10. Don't give up.

"Recruiting in an up market requires tremendous perseverance," Frosh says. Don't be tempted to settle, cut corners, or hire a solid producer who isn't really a good fit - it's not worth it. You'll make the best hiring decisions by remaining true to your vision.

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Roxanna Guilford-Blake is an Atlanta-based freelance writer. She has written for CIRE about leasing office space and seniors housing.

Top Brokers Tell All

Forget corner offices and company cars. What top brokers really look for in new companies is open, supportive cultures that offer substantial career growth opportunities.

For example, Samuel C. 'Chip' Hurley, CCIM, joined Grubb & Ellis/Paramount in Grand Rapids, Mich., because of "the [company's] collaboration, teaming, mutual respect, and general work environment that was and still is the backbone of the organization," he says. Hurley also was attracted to the potential to become a partner and share in the company's success.

Although Grubb & Ellis/Paramount wasn't offering the highest commission splits out of the several companies William W. Bussey Jr., CCIM, was considering, he also chose it when switching companies five years ago. In addition to Grubb & Ellis' focus on cooperation and honesty among brokers and high-quality professionalism, the culture attracted Bussey. "Because we are all of a like mind, we help each other; as a result, we all produce significantly more than what is found at other companies," he says.

Likewise, when Lisa A. Prinster joined Colliers Turley Martin Tucker in St. Louis as a vice president last year, the "feeling of concern from everyone in the office that you succeed and that you feel welcome" influenced her decision more than financial incentives, she says. "The teamwork and synergy of the other brokers was the overriding factor in my decision."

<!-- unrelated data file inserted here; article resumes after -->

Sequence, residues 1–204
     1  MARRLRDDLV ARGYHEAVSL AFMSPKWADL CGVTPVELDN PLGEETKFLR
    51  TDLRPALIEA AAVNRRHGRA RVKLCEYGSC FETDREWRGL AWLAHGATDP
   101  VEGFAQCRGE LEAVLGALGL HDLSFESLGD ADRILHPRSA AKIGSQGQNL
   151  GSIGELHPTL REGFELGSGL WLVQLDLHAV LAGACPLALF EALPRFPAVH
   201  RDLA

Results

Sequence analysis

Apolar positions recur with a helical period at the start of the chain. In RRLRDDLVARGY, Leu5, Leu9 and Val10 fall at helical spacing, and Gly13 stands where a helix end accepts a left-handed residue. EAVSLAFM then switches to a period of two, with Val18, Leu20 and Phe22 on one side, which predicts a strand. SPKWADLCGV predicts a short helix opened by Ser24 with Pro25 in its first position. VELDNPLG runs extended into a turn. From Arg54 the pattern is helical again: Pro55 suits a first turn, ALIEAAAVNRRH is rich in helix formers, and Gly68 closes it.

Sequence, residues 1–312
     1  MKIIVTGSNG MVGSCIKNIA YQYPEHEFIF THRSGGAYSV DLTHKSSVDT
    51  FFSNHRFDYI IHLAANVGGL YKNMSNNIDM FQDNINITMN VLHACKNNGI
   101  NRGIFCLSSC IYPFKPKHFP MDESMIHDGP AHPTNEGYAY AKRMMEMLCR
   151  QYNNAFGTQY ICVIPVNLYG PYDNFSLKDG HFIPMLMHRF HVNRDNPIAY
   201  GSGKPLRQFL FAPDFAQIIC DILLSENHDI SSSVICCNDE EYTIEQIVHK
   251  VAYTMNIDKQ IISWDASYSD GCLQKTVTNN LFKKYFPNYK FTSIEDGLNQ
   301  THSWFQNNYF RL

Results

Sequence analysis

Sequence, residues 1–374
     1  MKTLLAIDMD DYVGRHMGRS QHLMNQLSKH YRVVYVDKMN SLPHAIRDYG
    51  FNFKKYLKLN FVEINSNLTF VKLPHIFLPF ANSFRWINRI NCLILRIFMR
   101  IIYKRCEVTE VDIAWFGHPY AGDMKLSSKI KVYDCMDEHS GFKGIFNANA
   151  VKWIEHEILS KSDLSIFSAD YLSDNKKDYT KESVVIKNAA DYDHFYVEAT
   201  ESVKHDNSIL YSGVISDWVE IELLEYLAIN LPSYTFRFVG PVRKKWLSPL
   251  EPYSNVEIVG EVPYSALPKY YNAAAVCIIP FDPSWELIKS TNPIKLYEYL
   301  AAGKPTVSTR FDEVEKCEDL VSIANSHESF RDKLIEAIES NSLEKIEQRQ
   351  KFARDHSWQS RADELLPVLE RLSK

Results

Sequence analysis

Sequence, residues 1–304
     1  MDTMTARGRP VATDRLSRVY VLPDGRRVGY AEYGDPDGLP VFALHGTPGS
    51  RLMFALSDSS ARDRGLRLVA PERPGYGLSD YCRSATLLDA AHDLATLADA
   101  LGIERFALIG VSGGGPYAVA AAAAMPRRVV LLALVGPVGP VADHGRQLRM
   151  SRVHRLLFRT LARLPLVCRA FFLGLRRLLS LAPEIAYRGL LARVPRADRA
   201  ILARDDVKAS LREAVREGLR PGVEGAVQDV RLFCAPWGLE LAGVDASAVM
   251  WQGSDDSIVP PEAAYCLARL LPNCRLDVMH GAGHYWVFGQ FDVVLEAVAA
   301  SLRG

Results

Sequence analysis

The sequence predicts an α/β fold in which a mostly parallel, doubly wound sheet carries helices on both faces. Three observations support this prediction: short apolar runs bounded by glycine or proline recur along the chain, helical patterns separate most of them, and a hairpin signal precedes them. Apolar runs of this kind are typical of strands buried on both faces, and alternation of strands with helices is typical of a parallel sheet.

Career advancement enticed Elizabeth J. Helwick, CCIM, GRI, when she joined Comvest Properties in Biloxi, Miss., as a site location specialist. "I am now doing on a very large scale regionally what I was doing on a small scale locally," she says.

Similarly, James Morgan, CCIM, was tempted "to be on the ground floor of what might be an exciting expansion program," when he joined Sperry Van Ness-Investec Services in Jacksonville, Fla., as a senior adviser, he says. He also was impressed with the company's commitment to providing the tools to "do a higher level and broader type of business while being responsible for my own destiny."

Companies benefit most by making their culture apparent during the first interview. In Hurley's case, he met with the entire Grubb & Ellis/Paramount real estate advisory services team, which helped "assure that philosophies, personalities, and environment were compatible and beneficial for everyone," he says. Bussey appreciated how the interviewers were "open and straightforward in discussing how it was important for the company to hire only those people who fit into their culture, not simply because they were large producers," he says.

But a group meeting isn't necessary to make a good first impression. During Helwick's interview, the hiring broker impressed her with his "business philosophies, integrity, and missions," she says. The Sperry Van Ness broker who contacted Morgan was "a very knowledgeable and experienced individual," and the initial meeting piqued his interest in joining the company's network, he says.

Companies that perpetuate a collaborative, productive culture can count on retaining their top brokers. Nearly five years after joining Grubb & Ellis/Paramount, Hurley still believes he made the right decision. "I am successful because of the confidence that the company and its partners have placed on my abilities, both current and untapped. The environment that is created when an entire office shares information and success is unique and very rewarding."

 by Gretchen Pienta, senior editor of Commercial Investment Real Estate.